AACR: Poor Black Women May Face Higher Cancer Risk

Majority of black women meet only one or none of five dietary goals to help prevent cancer

THURSDAY, Nov. 29 (HealthDay News) -- Inner-city black women who live in public housing are highly unlikely to consume an ideal cancer-preventing diet, according to research presented at the American Association for Cancer Research conference on The Science of Cancer Health Disparities in Racial/Ethnic Minorities and the Medically Underserved, held this week in Atlanta.

Ann C. Klassen, Ph.D., of the Johns Hopkins University Bloomberg School of Public Health in Baltimore, and colleagues surveyed 156 black women who lived in 11 public housing communities over several different 24-hour periods and measured how well they met five goals of a cancer-preventing diet: adequate consumption of fruits and vegetables; low percentage of fat intake; moderate caloric intake, no alcohol consumption; and adherence to the U.S. Department of Agriculture's Healthy Eating Index.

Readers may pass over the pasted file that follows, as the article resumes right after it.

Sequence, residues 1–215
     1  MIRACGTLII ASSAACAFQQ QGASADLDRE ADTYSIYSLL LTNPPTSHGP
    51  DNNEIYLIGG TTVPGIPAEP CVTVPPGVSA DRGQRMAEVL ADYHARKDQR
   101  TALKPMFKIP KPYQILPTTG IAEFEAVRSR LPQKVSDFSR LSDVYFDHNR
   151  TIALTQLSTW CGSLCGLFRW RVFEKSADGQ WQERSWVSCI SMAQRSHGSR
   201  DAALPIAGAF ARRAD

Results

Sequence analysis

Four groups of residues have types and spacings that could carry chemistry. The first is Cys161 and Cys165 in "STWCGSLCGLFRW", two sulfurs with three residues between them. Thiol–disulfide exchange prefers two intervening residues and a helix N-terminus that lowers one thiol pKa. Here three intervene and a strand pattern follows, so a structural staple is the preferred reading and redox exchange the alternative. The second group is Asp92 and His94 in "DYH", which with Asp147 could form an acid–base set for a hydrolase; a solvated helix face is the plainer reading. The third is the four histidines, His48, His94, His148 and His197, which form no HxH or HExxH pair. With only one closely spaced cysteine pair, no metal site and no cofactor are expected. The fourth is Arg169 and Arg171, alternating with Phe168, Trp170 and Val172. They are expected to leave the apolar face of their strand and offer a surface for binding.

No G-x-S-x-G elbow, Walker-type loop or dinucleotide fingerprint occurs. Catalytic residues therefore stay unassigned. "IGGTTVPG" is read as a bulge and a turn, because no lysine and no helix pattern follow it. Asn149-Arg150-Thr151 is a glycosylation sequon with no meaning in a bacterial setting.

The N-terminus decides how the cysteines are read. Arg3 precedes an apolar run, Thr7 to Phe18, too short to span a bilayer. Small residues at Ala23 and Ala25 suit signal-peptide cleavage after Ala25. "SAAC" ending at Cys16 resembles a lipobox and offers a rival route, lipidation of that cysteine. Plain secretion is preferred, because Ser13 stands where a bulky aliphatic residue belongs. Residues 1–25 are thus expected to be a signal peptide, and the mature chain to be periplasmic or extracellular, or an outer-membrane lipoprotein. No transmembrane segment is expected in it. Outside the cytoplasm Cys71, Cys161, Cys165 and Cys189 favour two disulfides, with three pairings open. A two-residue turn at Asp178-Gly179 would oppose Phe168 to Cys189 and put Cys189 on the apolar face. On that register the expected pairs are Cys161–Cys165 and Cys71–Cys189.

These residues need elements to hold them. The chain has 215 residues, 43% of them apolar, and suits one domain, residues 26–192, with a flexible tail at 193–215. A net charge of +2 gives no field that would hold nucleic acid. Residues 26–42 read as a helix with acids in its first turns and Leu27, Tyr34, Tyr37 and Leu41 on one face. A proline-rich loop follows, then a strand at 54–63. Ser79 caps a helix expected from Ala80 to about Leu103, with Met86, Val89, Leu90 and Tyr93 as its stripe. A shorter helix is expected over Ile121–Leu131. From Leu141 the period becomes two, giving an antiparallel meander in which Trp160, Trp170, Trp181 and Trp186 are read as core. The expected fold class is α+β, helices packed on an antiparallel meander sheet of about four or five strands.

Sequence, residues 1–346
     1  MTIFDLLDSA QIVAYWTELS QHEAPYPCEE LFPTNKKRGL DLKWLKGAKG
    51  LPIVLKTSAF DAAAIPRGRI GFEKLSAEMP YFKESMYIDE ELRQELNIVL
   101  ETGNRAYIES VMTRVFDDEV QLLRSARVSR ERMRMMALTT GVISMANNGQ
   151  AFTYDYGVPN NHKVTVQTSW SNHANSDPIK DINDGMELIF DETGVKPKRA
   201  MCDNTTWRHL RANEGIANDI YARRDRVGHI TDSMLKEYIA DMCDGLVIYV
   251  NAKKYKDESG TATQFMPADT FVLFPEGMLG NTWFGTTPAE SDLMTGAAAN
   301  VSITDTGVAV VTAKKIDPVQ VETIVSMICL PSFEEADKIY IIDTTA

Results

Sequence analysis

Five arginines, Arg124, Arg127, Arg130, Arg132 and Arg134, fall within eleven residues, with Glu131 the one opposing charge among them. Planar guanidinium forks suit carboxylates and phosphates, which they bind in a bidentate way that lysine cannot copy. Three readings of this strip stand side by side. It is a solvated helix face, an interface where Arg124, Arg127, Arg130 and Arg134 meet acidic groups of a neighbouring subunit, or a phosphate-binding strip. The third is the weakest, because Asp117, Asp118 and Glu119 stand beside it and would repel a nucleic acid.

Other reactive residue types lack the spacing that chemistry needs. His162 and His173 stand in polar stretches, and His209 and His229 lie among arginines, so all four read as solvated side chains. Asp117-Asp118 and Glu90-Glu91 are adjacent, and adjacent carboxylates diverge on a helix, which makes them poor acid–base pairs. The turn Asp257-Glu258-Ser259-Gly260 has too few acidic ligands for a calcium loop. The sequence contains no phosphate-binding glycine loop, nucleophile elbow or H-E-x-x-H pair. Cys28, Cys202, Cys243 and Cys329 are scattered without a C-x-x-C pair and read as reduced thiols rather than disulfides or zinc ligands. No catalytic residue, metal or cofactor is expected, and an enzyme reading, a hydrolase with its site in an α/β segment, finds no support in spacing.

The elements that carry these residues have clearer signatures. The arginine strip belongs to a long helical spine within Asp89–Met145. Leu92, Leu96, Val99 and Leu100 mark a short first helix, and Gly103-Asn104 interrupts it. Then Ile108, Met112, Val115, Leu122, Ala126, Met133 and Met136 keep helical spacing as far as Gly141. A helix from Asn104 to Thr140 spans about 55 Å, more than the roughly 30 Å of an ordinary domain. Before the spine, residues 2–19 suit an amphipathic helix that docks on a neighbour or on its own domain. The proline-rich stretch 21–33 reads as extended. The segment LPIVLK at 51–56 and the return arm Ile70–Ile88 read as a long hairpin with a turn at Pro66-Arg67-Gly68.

The researchers found that more than 99 percent of women failed to meet all five goals and that about 61 percent failed to meet more than one of the goals. Although they found that only 15 percent of the women ate at least five daily servings of fruits and vegetables, they also found that 64 percent reported no alcohol consumption during the recall days.

"Many women drank soda, and ate convenience and prepared foods, even when they sat down with their families for a meal," Klassen said in a statement. "Younger adults, especially, seem to lack the skills to build a well-balanced diet -- skills that our survey shows that older generations of women still possess."

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